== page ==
Critchley, paraphrasing Socrates, says that to do philosophy is “to learn how to die.” I think something similar ought to be said about doing art, which is after all a form of philosophy. We are all subject to finitude. I think every artist who is sensitive to their craft knows this on an intuitive level: they feel it in the materials, at the edge of the catastrophic. As an artist I am conditioned by my own extinction.
Certain abstractionists wanted surfaces to be smooth, streamlined, hygienic—a sterilized picture plane, an insinuation of reduction of nature, complexity and chance. But time asserts itself upon sleek surfaces. Malevich, for example, who wanted to break from the earth and in whose discourse the earth takes on negative valences. The Black Square, nevertheless, as one of the pivotal works of twentieth century art has cracks upon the painted surface. It is the revenge of the geomorphic quality of painting.
The Extinctions series is a recent set of photographs. I am using a black square placed into the landscape. It cuts into the landscape like a black hole. It places a bomb in between images and the associations attached to them.
Escaping from words and into being, to be silent in the face of a work of art is to practice that silence elsewhere in the face of other objects. That being is catastrophic, poised always at the edge. It is subject to materialization and decomposition, sedimentation and erosion—to becoming. From confrontation with the edge, I look at nature in wonderment and trepidation. I am interested in geomorphic tendencies to mineralize the imagination. I am caught up in excitation and intensity. I am interested in speculating on my own disappearance in the midst of nature. To stretch out beyond oneself in a condition of difference, to that which loses the intellect. When this occurs the initial question—what is the lay of the land?—disappears.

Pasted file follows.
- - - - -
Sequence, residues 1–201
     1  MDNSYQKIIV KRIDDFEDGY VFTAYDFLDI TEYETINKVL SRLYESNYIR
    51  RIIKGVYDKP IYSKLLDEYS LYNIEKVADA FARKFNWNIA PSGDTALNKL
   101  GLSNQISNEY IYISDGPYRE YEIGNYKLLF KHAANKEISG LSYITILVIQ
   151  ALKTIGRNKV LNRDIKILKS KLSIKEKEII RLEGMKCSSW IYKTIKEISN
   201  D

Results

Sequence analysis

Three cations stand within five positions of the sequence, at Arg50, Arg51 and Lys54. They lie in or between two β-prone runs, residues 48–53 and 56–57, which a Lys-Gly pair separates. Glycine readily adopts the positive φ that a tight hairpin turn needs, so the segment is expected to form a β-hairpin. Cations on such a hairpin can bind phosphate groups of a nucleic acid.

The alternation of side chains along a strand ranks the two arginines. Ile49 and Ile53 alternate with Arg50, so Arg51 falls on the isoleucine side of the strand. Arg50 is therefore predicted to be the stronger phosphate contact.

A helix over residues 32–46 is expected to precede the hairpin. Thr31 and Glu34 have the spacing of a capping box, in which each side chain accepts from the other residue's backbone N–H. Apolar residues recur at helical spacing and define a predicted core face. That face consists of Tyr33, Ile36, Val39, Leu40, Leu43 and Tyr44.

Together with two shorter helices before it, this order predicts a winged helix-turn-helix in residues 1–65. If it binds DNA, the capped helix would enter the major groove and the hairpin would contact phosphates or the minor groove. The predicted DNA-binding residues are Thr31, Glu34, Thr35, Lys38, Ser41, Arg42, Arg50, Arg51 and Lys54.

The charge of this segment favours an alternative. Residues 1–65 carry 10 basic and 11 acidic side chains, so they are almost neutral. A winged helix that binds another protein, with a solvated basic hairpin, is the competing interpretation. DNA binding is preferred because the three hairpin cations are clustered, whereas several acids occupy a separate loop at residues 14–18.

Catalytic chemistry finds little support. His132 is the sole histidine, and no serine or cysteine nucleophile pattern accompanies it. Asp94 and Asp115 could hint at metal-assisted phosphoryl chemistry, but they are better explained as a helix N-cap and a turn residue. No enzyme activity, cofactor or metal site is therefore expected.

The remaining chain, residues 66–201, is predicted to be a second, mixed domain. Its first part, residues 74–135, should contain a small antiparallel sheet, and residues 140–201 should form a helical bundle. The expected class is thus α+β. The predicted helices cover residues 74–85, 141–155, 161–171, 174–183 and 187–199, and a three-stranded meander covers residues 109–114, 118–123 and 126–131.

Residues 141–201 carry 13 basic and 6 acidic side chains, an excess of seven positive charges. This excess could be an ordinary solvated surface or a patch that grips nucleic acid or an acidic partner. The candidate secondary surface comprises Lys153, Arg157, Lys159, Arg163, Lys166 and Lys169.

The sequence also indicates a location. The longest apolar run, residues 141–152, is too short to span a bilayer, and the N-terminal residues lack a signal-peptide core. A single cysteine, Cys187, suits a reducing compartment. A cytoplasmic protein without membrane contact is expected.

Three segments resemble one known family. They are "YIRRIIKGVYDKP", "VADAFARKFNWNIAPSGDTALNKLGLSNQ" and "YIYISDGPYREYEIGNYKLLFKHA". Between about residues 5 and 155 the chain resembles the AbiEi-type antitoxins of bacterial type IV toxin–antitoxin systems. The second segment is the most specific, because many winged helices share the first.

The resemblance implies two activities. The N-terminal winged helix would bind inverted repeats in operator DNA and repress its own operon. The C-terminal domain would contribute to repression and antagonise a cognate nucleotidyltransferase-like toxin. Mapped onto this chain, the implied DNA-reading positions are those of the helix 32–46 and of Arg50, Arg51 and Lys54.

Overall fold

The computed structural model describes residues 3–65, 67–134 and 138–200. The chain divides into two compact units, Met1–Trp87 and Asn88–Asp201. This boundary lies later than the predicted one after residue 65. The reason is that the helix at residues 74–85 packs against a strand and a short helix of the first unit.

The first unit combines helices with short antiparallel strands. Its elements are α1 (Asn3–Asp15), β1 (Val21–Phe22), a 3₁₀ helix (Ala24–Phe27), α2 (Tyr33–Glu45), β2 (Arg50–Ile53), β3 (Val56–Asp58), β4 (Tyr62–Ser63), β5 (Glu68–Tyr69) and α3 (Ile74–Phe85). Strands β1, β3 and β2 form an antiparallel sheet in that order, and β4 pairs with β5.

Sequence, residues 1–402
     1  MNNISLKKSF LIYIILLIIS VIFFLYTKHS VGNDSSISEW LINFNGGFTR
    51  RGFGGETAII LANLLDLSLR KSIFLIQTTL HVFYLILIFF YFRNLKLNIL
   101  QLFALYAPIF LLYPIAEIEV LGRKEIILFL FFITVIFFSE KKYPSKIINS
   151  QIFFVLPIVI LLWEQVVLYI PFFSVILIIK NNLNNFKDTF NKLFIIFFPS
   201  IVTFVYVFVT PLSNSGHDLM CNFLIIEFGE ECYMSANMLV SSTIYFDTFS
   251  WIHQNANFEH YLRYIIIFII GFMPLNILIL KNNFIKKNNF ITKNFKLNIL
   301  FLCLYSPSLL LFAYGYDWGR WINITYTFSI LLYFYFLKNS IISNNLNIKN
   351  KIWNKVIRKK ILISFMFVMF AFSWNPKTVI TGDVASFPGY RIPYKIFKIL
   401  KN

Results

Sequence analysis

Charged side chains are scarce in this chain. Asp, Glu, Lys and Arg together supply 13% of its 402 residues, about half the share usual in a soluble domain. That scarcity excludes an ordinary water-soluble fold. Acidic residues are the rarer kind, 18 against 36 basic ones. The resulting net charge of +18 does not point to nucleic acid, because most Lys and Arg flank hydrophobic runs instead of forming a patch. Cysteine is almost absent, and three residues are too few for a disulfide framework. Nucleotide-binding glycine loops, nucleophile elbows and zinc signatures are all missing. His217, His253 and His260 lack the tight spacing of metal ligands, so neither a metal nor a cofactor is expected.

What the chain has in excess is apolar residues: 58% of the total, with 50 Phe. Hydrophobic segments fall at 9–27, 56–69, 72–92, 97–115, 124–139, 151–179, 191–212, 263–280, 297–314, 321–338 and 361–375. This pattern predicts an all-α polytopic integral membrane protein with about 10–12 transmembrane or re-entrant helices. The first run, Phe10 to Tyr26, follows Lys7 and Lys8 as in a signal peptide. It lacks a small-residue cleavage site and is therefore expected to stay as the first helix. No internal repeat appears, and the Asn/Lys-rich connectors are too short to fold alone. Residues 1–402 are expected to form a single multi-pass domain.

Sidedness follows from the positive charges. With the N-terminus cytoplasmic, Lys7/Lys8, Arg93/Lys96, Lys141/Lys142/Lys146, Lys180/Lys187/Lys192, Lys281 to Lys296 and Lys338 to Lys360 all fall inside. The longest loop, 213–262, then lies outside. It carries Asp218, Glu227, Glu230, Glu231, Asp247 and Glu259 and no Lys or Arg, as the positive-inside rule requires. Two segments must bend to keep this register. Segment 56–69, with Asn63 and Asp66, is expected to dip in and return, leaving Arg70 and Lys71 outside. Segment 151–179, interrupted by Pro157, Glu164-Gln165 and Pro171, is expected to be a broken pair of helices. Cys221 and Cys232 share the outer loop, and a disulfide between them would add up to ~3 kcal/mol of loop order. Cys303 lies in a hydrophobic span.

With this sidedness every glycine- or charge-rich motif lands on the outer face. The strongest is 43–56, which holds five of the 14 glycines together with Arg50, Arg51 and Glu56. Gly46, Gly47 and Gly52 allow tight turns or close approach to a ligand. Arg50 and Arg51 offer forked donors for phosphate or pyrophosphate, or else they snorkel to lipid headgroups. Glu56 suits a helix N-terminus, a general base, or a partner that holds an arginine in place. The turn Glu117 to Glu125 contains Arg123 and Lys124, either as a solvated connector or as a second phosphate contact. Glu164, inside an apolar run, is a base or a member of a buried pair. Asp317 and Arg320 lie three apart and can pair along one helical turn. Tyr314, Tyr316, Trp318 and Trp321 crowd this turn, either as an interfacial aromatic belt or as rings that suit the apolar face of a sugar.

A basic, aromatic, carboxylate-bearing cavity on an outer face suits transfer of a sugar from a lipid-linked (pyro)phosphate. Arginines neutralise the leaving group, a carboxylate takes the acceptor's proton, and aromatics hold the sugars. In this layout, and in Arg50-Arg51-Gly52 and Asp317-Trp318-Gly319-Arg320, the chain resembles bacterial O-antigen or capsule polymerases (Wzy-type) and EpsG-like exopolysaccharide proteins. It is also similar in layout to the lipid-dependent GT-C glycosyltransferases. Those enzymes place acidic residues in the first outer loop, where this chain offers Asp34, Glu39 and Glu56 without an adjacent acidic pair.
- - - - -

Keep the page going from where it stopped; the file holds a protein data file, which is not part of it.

All photographs by the author.
 The mirror, traditionally associated with identity, is placed into the natural environment: the forest, the field, the shoreline. I am not reflected in the mirror because it is important that in the face of nature I attempt to displace identity. The beholder also sees the photograph of nature that includes the mirror but the mirror does not reflect the beholder: instead what appears in the mirror is the forest, the field, the shoreline—the land looking at itself, captured in a moment.
 See Malevich to Mikhail Matyushin, June 1916, cited in Zhadova, Malevich, 124, n 39. The symbol even of the negation is itself subject to nature’s ubiquity: entropy, erosion, sedimentation, disposition, weathering, time—becoming.
 Geologic catastrophism covers over the culture of painting like a landslide.
 A dream of escaping from words into being. Leaving the realm of conventions behind—historic, linguistic —in order to attain immediacy, moving signification out of the realm of the discursive where the object’s meaning would be the essence itself. To the challenge of the crisis of the sign, via signing and naming nature, via the image and its association, the black square is an extinction.